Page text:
But this is not a story about how things end. It is a story about how things begin. A story about lessons we learn, hopes we rekindle, friends we make along the way. Ultimately, it is a story about pride, and about spirit. And maybe, just maybe, about one spirit in particular who smiles on us still.
So how does the story of this incredible football season begin? With a win against Delta State? No, not really. A second-game blowout of Southern Utah? Nope. Strangely enough, the real beginning came with a loss. Not that loss to Northern Iowa or that heartbreaker to Nicholls State. But a loss to the mighty (well, they were considered pretty mighty then) Aggies of Texas A&M.
Our second-year coach, David Bailiff, led our Bobcats into College Station to play a game most experts said shouldn’t even be played. We were, after all, a team with a 23-year history of ineptitude at the Division I-AA level. We had no business in Kyle Field. No business playing a team expected to contend for the Big 12 South.
“Stay home, Bobcats, you’re out of your league,” they said.
They were wrong. Sixty minutes of what Jim Wacker used to call “smash-mouth football” later, we ended up on the short end of a 44-31 score. But we had shown the Aggies, the Southland Conference and Bobcat Nation that we could play this game again. We had given the Aggies all they wanted and a couple of heaping tablespoons more. At the end of that game, there was one worn out team. One team that wanted out of Kyle Field. One team that had had enough. And that team was not our Bobcats.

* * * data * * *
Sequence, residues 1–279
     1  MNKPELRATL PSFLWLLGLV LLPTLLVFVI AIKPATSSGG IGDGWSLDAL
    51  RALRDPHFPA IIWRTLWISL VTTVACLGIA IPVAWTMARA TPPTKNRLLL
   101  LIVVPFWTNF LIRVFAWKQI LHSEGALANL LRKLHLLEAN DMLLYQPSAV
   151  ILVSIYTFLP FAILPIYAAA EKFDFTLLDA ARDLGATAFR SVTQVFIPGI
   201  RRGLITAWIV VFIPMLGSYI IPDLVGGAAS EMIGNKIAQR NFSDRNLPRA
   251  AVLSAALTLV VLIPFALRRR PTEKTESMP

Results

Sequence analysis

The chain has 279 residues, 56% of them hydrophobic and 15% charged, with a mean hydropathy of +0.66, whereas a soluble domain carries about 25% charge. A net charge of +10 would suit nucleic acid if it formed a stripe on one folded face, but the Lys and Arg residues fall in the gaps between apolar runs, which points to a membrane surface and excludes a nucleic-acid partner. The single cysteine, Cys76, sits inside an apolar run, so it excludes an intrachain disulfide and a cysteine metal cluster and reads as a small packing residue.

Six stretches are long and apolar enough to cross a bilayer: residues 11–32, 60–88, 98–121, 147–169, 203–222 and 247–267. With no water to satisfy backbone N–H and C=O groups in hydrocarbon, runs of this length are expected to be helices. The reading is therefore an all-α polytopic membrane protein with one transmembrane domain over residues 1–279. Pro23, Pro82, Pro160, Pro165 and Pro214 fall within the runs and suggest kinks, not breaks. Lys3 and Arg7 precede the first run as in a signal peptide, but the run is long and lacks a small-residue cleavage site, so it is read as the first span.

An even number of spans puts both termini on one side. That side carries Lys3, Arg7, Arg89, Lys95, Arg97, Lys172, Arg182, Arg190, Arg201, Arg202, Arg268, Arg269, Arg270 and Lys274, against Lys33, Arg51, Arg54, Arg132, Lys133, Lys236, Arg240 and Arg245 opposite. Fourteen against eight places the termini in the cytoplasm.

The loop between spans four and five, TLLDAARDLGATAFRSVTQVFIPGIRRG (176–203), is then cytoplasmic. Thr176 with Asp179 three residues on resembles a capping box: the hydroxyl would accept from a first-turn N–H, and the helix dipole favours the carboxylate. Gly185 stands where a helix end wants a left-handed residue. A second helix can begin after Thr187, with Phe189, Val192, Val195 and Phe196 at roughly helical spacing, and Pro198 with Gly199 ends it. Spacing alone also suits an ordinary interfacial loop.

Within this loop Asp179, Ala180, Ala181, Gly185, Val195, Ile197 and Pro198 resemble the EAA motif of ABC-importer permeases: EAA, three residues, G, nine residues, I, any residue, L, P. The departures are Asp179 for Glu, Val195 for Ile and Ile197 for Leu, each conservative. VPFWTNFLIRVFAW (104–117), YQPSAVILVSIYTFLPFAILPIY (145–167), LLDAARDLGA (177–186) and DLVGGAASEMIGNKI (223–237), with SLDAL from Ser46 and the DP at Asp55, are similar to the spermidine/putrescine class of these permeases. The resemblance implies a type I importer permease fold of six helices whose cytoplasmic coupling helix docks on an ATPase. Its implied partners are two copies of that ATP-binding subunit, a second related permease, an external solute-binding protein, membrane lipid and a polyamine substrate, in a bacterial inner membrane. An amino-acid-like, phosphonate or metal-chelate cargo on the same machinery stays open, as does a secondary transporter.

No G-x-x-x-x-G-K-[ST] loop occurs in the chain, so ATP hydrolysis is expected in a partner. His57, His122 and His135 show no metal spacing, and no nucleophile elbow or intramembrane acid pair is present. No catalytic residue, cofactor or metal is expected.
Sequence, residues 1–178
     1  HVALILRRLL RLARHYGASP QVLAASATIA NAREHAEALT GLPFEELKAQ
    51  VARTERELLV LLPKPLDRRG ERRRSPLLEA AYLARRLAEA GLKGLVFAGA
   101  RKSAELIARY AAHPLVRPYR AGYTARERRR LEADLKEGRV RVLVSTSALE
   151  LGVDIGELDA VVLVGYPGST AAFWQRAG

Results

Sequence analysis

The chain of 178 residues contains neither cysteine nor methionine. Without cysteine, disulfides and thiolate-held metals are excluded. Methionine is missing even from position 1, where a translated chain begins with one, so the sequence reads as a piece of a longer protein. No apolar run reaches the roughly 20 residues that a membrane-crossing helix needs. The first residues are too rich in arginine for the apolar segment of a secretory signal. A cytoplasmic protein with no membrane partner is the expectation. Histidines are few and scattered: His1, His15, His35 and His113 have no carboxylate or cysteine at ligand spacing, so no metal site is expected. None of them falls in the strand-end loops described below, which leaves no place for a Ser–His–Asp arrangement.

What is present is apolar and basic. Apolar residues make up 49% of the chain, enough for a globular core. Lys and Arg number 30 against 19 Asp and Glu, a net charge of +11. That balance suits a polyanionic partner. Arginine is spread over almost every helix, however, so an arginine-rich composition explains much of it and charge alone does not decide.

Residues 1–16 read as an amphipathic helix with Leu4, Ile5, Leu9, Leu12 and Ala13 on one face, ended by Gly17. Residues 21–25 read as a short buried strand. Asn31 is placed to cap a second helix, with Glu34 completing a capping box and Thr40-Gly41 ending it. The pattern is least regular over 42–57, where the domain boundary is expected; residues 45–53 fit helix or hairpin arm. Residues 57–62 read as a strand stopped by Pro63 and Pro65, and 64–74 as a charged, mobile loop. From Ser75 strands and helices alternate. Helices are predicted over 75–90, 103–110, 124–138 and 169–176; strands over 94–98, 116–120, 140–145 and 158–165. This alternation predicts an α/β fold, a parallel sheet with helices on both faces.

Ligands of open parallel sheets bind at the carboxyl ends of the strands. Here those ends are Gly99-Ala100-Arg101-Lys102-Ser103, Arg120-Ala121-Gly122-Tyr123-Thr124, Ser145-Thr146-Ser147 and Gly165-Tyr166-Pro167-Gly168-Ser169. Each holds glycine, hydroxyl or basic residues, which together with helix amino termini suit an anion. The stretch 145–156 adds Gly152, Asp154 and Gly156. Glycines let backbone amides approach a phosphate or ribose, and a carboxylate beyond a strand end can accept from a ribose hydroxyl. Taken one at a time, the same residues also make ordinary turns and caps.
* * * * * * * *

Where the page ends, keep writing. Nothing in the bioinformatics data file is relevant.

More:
We were back.
Sunrise on Kaua'i.
From: Mark Hendricks
Date: Sun Oct 26, 2003 7:40:51 AM US/Central
To: Diana Finlay
Subject: It's early
It's still fairly early this morning, so I probably haven't mentioned yet how deeply in love with you I am. Probably have neglected to say that you are on a pedestal that cannot be shaken or overturned.
May have skipped my mind to tell you the passion you have brought to my life. But it's early. The time change has warped my sensibilities.
So I probably forgot to say that you make me feel like some kinda damn superman, someone who may not, but now desperately wants to live forever. May not have gotten around to asking you just why in the heck I deserve this.
But, if I do, I thank God.
As the day wears on, I suppose it'll dawn on me to tell you how your touch electrifies me, or calms me. And how you always seem to know which I need at that time.
I'm still just only awake, so I may not have shared with you how delightful it is to laugh with you. How much I love your sense of humor. How wonderful it feels to just laugh out loud again.
Have I told you yet today that you can make me cry? That I have tears in my eyes as I write this? Or how good that feels? Isn't it wonderful to know that tears can be caused by joy instead of pain?
So many things I haven't told you yet today.
But it's early.
So forgive me if I haven't mentioned that your eyes melt my heart. That they sparkle. That you're beautiful.
Have I ever told you that when I drive to your home, I start to feel kind of queasy and anxious the closer I get to you? Sort of like a high school kid on his way to a big date. And then when you answer your door, you wrap me in comfort, and the anxiety is only a distant memory.
It's still early, so I may not have mentioned that there's a small conch shell on my dresser that I'm going to move back to my car today. Because I never notice it on my dresser. But when it was in my car, I couldn't miss it. And when I see it, I think of you.
And I may not have told you yet today what a good thing that is.
But it's early.
And I love you.
Photo by Don Anders
By Mark Hendricks (Hillviews)
If you ever knew Jim Wacker, picture him in your mind’s eye for a moment. He’s smiling, isn’t he?
Jim Wacker strode through life smiling.
The legendary football coach who led the Bobcats to back-to-back NCAA Division II national championships in 1981 and 1982, died Aug. 26 at the age of 66 after a lengthy, courageous and often inspirational battle against cancer.